5. The other notable productions were Nalbandian’s Nagahan Haza Habibulla, Maat fi Habbullah, . . .’ (All At Once ‘Beloved of God, Died in the Love of God, . . .’)(1972), and Savari dar-amad rouyash sorkh, . . .  (There Appeared A Knight with a Red Face, . . .) by Mahin Jahanbegloo (Tajadod)(1976), and Albert Camus’ Caligula (1974), all three directed by Ovanessian.

6. NITV was launched in March 1967; it merged with Radio Iran in 1971 and was renamed NIRT.

7. Excerpts from a 1967 address by Empress Farah Pahlavi at the first festival, printed in the 1st festival catalogue.

8. The festival’s principal programs were music, theatre, dance, and film (described separately below under “Programs”) seminars and conferences, and related publications. Poetry and painting, exhibitions (Persian carpets and handicrafts), children’s theatre and dance workshops, and other special and intermittent programs organized by the festival are not covered in this report.

9.  Khosravani was only involved with the festival in 1967 but his lighting design for Hafezieh and Persepolis endured and defined the tone, ambience, and the accents of the outdoor venues for the next ten years through 1977. 

10. Gorouh-e Jam'avari va Pazhouhesh-e Musiqi-e Navahi

11. Later became the NIRT Chamber Orchestra


13.  Robert J. Gluck, “The Shiraz Festival: avant-garde arts performance in 1970s Iran.” Department of Music, University at Albany, 217.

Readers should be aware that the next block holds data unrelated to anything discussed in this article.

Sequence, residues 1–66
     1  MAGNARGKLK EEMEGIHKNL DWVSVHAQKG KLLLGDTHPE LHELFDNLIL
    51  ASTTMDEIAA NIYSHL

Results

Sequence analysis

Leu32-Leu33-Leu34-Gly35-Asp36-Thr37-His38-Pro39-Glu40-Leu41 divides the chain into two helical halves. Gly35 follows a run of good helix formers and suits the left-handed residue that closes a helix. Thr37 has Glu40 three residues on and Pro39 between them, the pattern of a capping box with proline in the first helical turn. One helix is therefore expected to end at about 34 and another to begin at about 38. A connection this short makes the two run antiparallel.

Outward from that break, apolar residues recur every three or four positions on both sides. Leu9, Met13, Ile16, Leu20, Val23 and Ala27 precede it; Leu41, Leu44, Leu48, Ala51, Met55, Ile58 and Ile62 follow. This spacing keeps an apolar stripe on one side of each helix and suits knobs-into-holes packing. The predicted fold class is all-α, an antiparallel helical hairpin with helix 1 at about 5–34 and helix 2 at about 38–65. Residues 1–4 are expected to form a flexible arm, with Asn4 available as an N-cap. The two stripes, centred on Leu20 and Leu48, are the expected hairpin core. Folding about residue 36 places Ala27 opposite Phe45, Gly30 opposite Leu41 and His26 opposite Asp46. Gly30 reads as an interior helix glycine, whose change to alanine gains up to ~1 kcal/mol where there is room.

14.  Robert J. Gluck, “The Shiraz Festival: avant-garde arts performance in 1970s Iran.” Department of Music, University at Albany, 217.

15. Terry Graham, Tamasha Magazine, No. 8, September 1972.

16.  Gluck, Ibid.

17. On NIRT’s Kargah-e Nemayesh (est. 1969) see further below under “Contemporary Iranian Theatre.”

18.  In 1973, Iran was host to the 2nd Third World Theatre, a festival and conference that was held in Shiraz and supported by the 7th festival on the organizational, though not on the programmatic level.

19. For the history and development of theatre in Iran, and a discussion of the numerous plays performed at the Shiraz Arts Festival not mentioned here, see: The World Encyclopedia of Contemporary Theatre, Don Rubin, ed. London & New York: Routledge, 2001, pp. 204 ff.